Train your staff. Train up and down and across the organization. Not just once or to “fill the square” of some governmental or hierarchal requirement. Make ethics training and the Code of Conduct a part of the organizations quarterly, semi-annul and annual training processes. That demonstrates that the organization’s serious about ethics and the code. But…training aside, there’s nothing better or more effective than mirroring the behavior you want! Train all levels of staff and the senior levels, too. Lead by example.

Follow-up. After the code is in place and the initial training is completed, the real work has just started. Organizations must put in place various methods like whistle-blower hotlines (don’t shoot the messenger), to help uncover any errors or wrongdoing. Organizations must have specific enforcement plans in place and be willing and capable of taking whatever preventive measures that may be required. Accountability is key!

See it through. When leaders find any number of emotionally convenient and comfortable reasons (excuses) to stop reminding their staff (and family) of the importance of acting in an ethical manner with integrity and honor, the staff (and family) may soon forget of its importance. The results are the staff (and family member) may resort to cheating and/or cutting corners on their behavior. They may revert to the behavior of least resistance and most familiar and comfortable.

“Ninety-nine percent of failures come from people who have the habit of making excuses.”

George Washington Carver, botanist

Always presume (never assume) the best. When you develop and write the code of conduct, write it with the expectation, mind-set and core belief that people are basically honest and want to do the right thing and take the proper action. Don’t write a list of don’ts, Shu says.

A personal observation. Recently, my wife and I attended our 13 year-old nephews 7th grade flag football game. One of the rules is the quarterback must throw the football within four seconds. If he doesn’t, it’s a loss of a play. Each team has 10 plays per possession. There’s one referee per game. A father on our nephew’s school team watched as the referee continued to give the opponent’s team’s quarterback up to 10 seconds to throw the ball. An obviously violation of the spirit and intent of the rule and gave the opponents an unfair advantage.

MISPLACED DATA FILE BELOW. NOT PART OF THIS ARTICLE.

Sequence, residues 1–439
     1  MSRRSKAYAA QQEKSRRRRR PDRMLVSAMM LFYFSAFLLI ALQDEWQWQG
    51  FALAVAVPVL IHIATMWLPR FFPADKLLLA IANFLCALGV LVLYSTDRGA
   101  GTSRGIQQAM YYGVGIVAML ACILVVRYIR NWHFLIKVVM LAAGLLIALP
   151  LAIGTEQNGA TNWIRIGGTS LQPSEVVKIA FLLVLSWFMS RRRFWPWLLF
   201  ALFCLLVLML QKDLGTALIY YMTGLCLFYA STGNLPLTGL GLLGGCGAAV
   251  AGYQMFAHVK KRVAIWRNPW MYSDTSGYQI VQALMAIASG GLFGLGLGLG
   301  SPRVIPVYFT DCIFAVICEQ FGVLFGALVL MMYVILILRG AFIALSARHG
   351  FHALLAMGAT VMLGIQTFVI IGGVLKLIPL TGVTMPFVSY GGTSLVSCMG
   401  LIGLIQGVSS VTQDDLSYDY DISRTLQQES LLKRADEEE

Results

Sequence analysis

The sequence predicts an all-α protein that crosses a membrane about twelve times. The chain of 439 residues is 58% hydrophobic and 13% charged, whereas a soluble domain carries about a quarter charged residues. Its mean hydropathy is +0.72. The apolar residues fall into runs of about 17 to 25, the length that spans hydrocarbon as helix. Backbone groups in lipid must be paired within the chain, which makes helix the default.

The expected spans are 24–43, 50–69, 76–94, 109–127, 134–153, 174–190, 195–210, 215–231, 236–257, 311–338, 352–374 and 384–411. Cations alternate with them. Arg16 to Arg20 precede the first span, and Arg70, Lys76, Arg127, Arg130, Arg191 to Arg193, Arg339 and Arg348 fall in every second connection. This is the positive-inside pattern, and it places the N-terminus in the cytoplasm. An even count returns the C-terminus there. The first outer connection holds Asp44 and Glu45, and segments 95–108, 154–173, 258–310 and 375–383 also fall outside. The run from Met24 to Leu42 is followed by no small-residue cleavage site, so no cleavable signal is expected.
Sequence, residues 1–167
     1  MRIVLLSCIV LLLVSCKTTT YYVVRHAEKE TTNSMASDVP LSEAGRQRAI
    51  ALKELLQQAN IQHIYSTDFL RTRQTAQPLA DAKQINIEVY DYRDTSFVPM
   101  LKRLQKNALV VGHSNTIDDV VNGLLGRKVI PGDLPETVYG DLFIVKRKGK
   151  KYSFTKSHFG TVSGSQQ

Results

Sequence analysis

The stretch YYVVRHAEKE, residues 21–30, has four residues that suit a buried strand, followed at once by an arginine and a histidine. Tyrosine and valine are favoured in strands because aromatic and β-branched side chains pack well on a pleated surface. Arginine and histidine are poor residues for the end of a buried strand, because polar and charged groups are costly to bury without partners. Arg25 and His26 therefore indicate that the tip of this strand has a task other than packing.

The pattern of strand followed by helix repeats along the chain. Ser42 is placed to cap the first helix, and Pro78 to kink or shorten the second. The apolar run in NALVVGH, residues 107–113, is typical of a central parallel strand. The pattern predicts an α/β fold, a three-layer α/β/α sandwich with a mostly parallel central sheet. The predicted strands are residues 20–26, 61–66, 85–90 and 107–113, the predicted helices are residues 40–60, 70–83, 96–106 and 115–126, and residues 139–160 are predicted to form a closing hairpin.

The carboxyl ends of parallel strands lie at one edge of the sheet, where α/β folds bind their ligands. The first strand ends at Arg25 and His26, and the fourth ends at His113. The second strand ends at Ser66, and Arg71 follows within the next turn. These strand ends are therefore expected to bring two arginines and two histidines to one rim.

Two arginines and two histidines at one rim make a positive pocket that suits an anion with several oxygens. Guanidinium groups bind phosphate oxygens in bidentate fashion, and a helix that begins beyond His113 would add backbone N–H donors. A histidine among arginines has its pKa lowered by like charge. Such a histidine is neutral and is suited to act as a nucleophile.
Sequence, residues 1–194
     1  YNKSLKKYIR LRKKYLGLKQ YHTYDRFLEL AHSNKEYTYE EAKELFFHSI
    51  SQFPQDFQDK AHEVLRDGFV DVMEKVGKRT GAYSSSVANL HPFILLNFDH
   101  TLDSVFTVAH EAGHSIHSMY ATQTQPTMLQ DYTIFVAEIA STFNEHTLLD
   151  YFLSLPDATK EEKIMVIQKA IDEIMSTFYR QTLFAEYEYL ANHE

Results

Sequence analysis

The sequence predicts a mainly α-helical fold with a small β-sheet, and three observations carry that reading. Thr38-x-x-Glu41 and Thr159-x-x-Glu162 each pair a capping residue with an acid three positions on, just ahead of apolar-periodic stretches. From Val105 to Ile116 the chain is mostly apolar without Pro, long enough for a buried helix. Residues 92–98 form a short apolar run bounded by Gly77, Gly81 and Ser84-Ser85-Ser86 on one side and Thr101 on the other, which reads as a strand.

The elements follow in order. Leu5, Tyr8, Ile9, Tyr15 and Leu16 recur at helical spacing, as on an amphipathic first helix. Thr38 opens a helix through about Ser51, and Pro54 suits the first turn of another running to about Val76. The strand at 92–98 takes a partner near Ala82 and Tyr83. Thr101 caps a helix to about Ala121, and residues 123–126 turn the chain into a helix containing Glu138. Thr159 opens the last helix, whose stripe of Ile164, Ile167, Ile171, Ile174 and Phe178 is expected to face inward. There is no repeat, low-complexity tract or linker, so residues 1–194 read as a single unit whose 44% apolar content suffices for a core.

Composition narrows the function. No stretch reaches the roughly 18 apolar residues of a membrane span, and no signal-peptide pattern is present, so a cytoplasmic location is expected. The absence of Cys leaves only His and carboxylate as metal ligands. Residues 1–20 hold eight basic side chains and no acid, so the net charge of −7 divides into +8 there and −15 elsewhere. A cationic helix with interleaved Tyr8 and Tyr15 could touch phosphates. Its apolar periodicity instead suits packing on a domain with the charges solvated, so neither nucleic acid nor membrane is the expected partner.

After the first quarter, the father approached the referee to question him about the apparent rules violation. What the referee did was a surprise, even to me. He didn’t call time-out and take a few seconds to listen to the parent’s concern. What the referee did was throw the yellow flag at the feet of the parent—a penalty against our nephew’s team—and began to scream at the parent. My wife and I were seated about 30 yards away and we could hear the referee’s loud and inappropriate words and watch his obnoxious behavior. Other parents heard it and sadly, so did the young 13 year-old players.

There was a part of me that was surprised and a part of me that wasn’t. As a former high school and college athlete and parent, I’ve seen this type of behavior from parents, referees and individual players most of my life. From this recent example, there’s no doubt in my mind the referee felt he was being challenged. His ego, authority and position were, in his mind, at risk. Given his physical stature, attitude and overall disposition, my concept of the “frustrated jock syndrome” was alive and well. After the game, I suggested to my wife that the parent should report the referee’s unethical behavior and actions to school officials. ‘Adults’ like this shouldn’t be refereeing or coaching at any level! I know I wouldn’t have stood there and taken his verbal abuse.

Parents and officials need to let the kids play. It’s NOT brain surgery and life and death. (Though in some cases you’d think it was.) Ethics, integrity, honor and character start at home. Parents need to stop living vicariously through their child’s athletic endeavors. ‘We won, the kids lost.’ Teach them to play hard, give no quarter, expect none in return, play fair and leave it all on the field or court. And model the behavior!

And yes, our nephew’s team lost. But he really won! Our nephew’s a winner!

“The important thing is to learn a lesson every time you lose.”

John McEnroe, tennis champion

====================

This article was reprinted with permission from Captain George Burk, USAF (Ret), Speaker, trainer, author & writer. Captain Burk is a plane crash & burn survivor. He will be speaking about how to achieve quality in life and work at the 2010 TapRooT® Summit. Visit his website at: www.georgeburk.com.

Categories
Show Comments

Leave a Reply

Your email address will not be published. Required fields are marked *